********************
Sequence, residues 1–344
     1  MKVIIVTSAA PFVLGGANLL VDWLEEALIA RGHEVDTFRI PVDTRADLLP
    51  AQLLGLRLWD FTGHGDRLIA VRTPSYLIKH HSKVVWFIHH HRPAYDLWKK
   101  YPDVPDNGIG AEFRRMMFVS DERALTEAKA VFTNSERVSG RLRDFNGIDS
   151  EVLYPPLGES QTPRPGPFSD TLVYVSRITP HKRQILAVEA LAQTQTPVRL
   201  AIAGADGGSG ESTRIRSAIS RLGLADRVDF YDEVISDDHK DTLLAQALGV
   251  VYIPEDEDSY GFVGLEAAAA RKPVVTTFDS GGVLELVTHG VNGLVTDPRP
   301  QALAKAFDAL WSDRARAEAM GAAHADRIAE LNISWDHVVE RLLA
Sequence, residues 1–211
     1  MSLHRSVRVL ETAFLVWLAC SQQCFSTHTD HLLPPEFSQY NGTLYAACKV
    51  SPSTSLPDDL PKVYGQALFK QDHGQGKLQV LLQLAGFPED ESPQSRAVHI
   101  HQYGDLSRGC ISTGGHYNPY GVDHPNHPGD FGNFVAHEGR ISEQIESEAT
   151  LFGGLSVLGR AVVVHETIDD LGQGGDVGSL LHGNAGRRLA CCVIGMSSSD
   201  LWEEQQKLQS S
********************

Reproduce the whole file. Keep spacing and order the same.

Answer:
Sequence, residues 1–344
     1  MKVIIVTSAA PFVLGGANLL VDWLEEALIA RGHEVDTFRI PVDTRADLLP
    51  AQLLGLRLWD FTGHGDRLIA VRTPSYLIKH HSKVVWFIHH HRPAYDLWKK
   101  YPDVPDNGIG AEFRRMMFVS DERALTEAKA VFTNSERVSG RLRDFNGIDS
   151  EVLYPPLGES QTPRPGPFSD TLVYVSRITP HKRQILAVEA LAQTQTPVRL
   201  AIAGADGGSG ESTRIRSAIS RLGLADRVDF YDEVISDDHK DTLLAQALGV
   251  VYIPEDEDSY GFVGLEAAAA RKPVVTTFDS GGVLELVTHG VNGLVTDPRP
   301  QALAKAFDAL WSDRARAEAM GAAHADRIAE LNISWDHVVE RLLA
Sequence, residues 1–211
     1  MSLHRSVRVL ETAFLVWLAC SQQCFSTHTD HLLPPEFSQY NGTLYAACKV
    51  SPSTSLPDDL PKVYGQALFK QDHGQGKLQV LLQLAGFPED ESPQSRAVHI
   101  HQYGDLSRGC ISTGGHYNPY GVDHPNHPGD FGNFVAHEGR ISEQIESEAT
   151  LFGGLSVLGR AVVVHETIDD LGQGGDVGSL LHGNAGRRLA CCVIGMSSSD
   201  LWEEQQKLQS S